- Immediate implementation of Near-term Priority Flagship Programmes that build on existing successful policies and measures that can be scaled-up, while
- Simultaneously, further researching and developing the detail of additional policies and measures for implementation in the short-, medium- and longer-term, as and when ready; and
- Rigorously monitoring and evaluating the effectiveness of implemented policies and measures with a view to improving efficiency through adjustments or discarding those that are ineffective.
In the last 18 months, since Cabinet adopted the NCCRP, significant progress has been made in implementation:
- A process of developing long-term adaptation scenarios is underway, to inform adaptation planning and implementation. This process will project and evaluate the socio-economic and environmental implications of the potential impacts of anticipated climate change and climate variability, for key sectors (eg. water, agriculture, biodiversity, health, forestry and fisheries, and human settlements), based on a set of consensus climate scenarios for South Africa.
- A mitigation potential analysis is underway, in consultation with all key government departments and stakeholders, to review current and future emission trends of key sectors, and analyse mitigation options. The ultimate objective of this work is to define the desired emission reduction outcomes, for key economic sectors and sub-sectors.
- The design of the draft M&E system for climate change responses is underway, in consultation with all key government departments and stakeholders, with the view to provide to complete this work toward the end of this year.
- Work on Near-term Priority Flagship Programme is going on through building partnerships with on-going programmes that address both mitigation and adaptation aspects. The purpose is to scale up existing climate change initiatives and also support new initiatives that are ready for implementation.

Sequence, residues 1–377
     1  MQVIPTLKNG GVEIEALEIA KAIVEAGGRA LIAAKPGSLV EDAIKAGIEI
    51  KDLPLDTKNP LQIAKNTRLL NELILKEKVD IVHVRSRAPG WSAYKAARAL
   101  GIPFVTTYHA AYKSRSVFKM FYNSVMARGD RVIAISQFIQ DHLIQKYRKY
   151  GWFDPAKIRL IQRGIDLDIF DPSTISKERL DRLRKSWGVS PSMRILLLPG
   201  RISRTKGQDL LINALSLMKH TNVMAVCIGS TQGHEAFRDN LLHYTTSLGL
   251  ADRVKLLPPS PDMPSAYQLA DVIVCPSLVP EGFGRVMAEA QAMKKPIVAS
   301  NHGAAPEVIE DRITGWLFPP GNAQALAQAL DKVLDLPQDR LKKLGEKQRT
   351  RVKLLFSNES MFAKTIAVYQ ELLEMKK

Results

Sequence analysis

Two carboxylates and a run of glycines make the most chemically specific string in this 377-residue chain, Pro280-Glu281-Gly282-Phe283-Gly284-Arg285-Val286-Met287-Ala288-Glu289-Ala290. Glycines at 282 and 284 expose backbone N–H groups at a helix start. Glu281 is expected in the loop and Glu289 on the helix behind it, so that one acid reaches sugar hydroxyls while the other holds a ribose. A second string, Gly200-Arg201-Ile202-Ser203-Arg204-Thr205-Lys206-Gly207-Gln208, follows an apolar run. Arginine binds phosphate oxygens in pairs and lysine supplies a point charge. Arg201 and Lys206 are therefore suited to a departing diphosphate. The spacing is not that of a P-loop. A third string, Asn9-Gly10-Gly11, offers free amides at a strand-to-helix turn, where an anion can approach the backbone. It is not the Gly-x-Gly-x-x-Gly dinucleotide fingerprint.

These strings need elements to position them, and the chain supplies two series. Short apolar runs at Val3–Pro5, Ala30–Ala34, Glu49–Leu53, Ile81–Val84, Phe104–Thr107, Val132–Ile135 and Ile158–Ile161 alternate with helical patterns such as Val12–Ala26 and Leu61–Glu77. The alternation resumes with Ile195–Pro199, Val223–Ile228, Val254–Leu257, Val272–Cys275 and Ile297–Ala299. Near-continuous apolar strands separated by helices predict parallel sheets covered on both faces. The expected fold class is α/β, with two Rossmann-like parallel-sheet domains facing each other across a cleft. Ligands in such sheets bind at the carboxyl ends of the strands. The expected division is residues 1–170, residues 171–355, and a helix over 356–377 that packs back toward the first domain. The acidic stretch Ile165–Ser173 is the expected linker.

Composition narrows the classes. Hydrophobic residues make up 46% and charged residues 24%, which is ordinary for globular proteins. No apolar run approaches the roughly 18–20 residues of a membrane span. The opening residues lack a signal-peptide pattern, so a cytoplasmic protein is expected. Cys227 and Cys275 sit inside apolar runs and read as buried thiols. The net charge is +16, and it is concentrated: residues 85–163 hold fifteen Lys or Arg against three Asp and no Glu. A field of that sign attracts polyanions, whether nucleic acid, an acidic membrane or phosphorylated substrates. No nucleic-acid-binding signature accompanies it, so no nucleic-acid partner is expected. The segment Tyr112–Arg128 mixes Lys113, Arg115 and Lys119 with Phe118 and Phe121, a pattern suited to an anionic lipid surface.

This work builds on and complements the climate change response projects and programmes that are underway across all spheres and tiers of government. The key challenge is to ensure that South Africa is building a coherent and collective response. The work of the Department of Environmental Affairs, in leading the implementation of the NCCRP, seeks to bring together the multiple mitigation and adaptation programmes, and ensure that they are contributing to a single set of emission reduction outcomes, are informed by a consensus set of climate change scenarios, with outcomes that can be monitored and reported.
Policy implementation is informed by an extensive process of consultation with all key government departments, through the Intergovernmental Committee on Climate Change, and with other stakeholders, through the National Committee on Climate Change.
The workshop provided an opportunity for information-sharing with a broader range of stakeholders. It was also an opportunity to engage with the climate change programmes that are being implemented at the provincial and local levels.
- Overview of the National Climate Change Response Implementation Framework
- Western Cape Climate Change Response by Helen Davies
- 2050 Pathways Calculator
- Approach to other Mitigation Elements
- Department of Environmental Affairs' Climate Change Monitoring & Evaluation Brian Mantlana
- ENS Environment’s Long Term Adaptation Scenarios –Policy Alignment Process
- Implementation of Gauteng Climate Change Response Strategy (GCCRS) by Rina Taviv
- The National Climate Change Response Policy – Implementation of Mitigation Elements by Barney Kgope
- Report to the NCCRP Workshop Progress Report on Climate Change Activities of the KZN by Timothy Adebayo Fasheun
- Draft Climate Change Response M&E System
- Let’s Respond Guide and Toolkit: Integrating Climate Change Risks and Opportunities into Municipal Planning